A national difference in differences analysis of the effect of PM2.5 on annual death rates

Joel Schwartz, Yaguang Wei, Ma'ayan Yitshak-Sade, Qian Di, Francesca Dominici, Antonella Zanobetti

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16 Scopus citations


Many studies have reported that PM2.5 was associated with mortality, but these were criticized for unmeasured confounding, not using causal modeling, and not focusing on changes in exposure and mortality rates. Recent studies have used propensity scores, a causal modeling approach that requires the assumption of no unmeasured confounders. We used differences in differences, a causal modeling approach that focuses on exposure changes, and controls for unmeasured confounders by design to analyze PM2.5 and mortality in the U.S. Medicare population, with 623, 036, 820 person-years of follow-up, and 29, 481, 444 deaths. We expanded the approach by clustering ZIP codes into 32 groups based on racial, behavioral and socioeconomic characteristics, and analyzing each cluster separately. We controlled for multiple time varying confounders within each cluster. A separate analysis examined participants whose exposure was always below 12 μg/m3. We found an increase of 1 μg/m3 in PM2.5 produced an increased risk of dying in that year of 3.85 × 10−4 (95% CI 1.95 × 10−4, 5.76 × 10−4). This corresponds to 14,000 early deaths per year per 1 μg/m3. When restricted to exposures below 12 μg/m3, the increased mortality risk was 4.26 × 10−4 (95% CI 1.43 × 10−4, 7.09 × 10−4). Using a causal modeling approach robust to omitted confounders, we found associations of PM2.5 with increased death rates, including below U.S. and E.U. standards.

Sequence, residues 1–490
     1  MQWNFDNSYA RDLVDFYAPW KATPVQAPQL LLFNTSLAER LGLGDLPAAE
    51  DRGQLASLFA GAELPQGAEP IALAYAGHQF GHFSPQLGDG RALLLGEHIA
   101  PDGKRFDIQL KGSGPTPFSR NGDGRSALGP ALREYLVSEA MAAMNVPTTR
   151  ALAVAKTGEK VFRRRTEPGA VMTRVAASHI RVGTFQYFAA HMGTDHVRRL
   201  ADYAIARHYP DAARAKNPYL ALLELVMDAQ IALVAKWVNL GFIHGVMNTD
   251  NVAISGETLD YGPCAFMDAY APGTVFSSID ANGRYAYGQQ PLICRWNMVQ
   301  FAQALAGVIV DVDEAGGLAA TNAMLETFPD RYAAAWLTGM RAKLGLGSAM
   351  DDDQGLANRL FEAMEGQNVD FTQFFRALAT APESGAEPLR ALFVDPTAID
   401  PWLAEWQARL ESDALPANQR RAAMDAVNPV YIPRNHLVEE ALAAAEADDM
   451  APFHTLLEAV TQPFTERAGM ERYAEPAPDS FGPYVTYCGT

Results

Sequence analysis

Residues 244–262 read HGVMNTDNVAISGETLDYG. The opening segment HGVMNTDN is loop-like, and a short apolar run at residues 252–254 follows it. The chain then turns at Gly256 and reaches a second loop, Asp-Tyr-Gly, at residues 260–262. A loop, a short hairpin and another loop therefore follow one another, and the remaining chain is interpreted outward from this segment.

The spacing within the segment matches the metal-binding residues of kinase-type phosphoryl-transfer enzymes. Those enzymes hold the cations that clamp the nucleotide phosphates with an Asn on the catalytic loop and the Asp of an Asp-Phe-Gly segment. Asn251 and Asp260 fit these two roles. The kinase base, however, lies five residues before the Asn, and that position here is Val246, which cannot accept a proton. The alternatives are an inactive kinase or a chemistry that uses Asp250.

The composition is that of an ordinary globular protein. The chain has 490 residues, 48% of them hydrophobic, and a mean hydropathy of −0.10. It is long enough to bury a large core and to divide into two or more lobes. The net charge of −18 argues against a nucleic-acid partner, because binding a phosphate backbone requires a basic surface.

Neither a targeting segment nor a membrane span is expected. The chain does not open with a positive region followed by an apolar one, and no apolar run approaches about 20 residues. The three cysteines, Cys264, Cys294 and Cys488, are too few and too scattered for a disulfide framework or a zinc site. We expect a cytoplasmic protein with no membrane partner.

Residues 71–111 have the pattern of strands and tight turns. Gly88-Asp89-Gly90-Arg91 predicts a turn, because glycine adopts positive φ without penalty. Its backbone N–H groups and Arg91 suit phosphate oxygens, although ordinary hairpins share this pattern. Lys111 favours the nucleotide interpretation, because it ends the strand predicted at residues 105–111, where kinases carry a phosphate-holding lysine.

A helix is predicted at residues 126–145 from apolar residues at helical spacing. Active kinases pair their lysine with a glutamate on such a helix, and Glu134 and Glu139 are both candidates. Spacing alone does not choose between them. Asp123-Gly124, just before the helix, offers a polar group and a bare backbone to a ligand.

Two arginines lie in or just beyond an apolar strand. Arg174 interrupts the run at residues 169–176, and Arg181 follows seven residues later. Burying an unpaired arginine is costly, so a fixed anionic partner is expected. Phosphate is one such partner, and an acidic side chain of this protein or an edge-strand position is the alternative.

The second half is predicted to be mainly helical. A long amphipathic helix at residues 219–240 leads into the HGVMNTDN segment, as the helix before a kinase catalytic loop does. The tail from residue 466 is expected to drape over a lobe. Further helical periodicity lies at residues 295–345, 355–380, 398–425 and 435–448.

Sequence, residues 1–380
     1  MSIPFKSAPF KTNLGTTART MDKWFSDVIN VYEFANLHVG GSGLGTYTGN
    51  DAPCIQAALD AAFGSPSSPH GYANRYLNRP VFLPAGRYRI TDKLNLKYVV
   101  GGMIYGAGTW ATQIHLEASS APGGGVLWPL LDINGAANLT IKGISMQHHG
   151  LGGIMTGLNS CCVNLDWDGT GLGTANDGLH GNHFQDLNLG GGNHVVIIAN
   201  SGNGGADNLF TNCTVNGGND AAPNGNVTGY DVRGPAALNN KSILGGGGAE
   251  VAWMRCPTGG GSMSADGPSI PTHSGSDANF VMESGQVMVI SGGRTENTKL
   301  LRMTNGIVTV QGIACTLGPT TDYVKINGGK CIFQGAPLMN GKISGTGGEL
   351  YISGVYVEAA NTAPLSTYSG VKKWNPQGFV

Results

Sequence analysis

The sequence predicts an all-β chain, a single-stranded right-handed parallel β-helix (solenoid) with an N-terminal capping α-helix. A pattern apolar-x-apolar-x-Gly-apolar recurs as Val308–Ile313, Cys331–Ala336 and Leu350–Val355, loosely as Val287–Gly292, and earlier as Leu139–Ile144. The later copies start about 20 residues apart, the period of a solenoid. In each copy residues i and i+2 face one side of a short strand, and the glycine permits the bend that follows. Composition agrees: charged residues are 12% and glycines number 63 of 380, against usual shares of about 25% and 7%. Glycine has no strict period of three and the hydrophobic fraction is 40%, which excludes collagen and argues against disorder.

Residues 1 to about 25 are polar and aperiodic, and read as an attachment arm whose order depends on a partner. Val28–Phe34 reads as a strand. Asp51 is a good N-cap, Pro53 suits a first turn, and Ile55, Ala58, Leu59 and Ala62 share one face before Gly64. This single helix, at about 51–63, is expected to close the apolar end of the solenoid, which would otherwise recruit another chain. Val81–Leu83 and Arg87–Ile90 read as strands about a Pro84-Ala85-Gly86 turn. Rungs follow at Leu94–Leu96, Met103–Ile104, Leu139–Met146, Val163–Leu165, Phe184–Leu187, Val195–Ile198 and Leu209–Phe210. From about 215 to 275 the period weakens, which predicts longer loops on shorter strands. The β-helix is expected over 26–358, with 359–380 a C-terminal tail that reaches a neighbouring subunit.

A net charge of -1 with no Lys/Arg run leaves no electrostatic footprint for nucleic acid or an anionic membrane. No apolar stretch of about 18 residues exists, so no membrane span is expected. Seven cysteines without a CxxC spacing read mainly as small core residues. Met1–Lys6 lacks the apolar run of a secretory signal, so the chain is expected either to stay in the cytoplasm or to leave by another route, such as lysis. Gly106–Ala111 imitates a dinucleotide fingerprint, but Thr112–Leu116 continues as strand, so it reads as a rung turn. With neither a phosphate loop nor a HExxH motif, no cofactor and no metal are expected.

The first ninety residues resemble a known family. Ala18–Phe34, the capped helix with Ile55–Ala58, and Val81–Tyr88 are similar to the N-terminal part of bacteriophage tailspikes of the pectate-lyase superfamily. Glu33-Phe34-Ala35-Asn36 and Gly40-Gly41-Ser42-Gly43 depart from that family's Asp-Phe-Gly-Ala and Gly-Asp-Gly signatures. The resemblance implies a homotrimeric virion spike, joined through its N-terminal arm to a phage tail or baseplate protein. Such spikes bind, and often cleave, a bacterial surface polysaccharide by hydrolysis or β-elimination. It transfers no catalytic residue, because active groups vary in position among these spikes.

Original languageEnglish
Article number110649
JournalEnvironmental Research
StatePublished - Mar 2021


  • Air pollution
  • Causal
  • Difference in differences
  • Mortality
  • PM


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